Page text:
Researchers from the ARC Centre of Excellence for Coral Reef Studies (CoECRS) at James Cook University are engaging social science to help solve some of the world's biggest environmental problems.
Dr Christina Hicks, an interdisciplinary social science fellow at the ARC CoECRS, holds a joint position with the Center for Ocean Solutions at Stanford University in the USA.
Dr Hicks says more powerful economic interests, such as tourism, currently drive coral reef management. Little thought is given to community needs such as food or wellbeing. This results in conflict.
Dr Hicks explains to improve long-term coral reef management, "human values need to be considered in decision-making."
Dr Nick Graham, a senior research fellow at the ARC CoECRS, adds that humans play an essential role in ecology, but different people have different priorities. He says these priorities need to be considered when managing natural environments.
For example, in a recent co-authored paper for the journalGlobal Environmental Change, Dr Hicks and Dr Graham, along with Dr Joshua Cinner, measured and compared how managers, scientists and fishers prioritized specific benefits from coral reef ecosystems. This in effect highlighted key areas of agreement and conflict between the three different stakeholder groups.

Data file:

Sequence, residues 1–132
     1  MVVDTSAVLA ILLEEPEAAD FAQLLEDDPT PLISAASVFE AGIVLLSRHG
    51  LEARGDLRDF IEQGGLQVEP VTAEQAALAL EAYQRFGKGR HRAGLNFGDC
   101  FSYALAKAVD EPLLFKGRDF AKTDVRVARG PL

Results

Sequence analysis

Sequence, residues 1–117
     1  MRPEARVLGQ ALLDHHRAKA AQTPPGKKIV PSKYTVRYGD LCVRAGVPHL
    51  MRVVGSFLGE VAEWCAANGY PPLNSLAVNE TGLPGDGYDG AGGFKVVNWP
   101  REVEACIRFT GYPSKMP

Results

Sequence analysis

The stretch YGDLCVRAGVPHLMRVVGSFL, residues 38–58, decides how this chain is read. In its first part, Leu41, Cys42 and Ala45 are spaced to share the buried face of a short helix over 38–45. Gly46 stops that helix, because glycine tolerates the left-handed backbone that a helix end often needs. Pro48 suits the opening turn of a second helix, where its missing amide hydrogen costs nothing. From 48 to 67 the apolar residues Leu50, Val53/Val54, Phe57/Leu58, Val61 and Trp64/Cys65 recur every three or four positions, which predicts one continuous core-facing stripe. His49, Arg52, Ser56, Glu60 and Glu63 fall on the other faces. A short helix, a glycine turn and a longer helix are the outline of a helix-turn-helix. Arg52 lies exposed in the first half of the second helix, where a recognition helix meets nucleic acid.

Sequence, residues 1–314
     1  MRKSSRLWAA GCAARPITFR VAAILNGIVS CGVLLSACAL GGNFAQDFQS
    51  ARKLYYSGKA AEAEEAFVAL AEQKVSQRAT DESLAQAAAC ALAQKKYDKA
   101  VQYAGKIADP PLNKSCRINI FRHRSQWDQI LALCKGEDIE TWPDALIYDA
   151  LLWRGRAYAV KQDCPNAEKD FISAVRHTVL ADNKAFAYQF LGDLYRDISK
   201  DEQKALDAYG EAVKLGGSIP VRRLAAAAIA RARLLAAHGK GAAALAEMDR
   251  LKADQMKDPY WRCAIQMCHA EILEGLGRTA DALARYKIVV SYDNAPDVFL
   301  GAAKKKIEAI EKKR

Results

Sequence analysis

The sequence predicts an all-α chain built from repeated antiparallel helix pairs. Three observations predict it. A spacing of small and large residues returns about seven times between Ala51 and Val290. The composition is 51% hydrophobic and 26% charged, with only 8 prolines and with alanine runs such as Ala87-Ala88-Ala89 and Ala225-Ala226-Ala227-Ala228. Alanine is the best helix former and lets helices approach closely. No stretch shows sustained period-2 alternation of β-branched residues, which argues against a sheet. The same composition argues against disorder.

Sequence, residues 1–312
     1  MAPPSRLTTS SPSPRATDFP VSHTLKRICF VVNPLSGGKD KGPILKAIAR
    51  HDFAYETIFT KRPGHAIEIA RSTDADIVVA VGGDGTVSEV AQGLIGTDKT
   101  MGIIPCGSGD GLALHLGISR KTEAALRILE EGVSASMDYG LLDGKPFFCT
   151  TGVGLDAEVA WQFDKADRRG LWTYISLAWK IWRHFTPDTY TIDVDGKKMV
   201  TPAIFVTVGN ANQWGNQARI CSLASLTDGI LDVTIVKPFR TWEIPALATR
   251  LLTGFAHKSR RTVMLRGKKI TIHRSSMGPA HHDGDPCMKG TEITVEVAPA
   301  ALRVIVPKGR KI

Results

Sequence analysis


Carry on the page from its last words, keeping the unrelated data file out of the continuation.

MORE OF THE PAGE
Dr Graham says the lack of 'ownership' of reef resources for fishers, who depend on fish for their food and livelihoods, underlies a main area of conflict. But the paper also indicated that managers might be well placed to play a brokering role in disagreements.
"Communities that are engaged and recognized are more likely to trust and support their management agencies," adds Dr Hicks. She explains that governments who consult local communities in order to develop co-management plans generally reduce conflict and see increased livelihood as well as ecological benefits (such as a rise in fish stocks) in their area.
Examples of successful co-management arrangements exist in coral-reef nations such as Papua New Guinea and Kenya.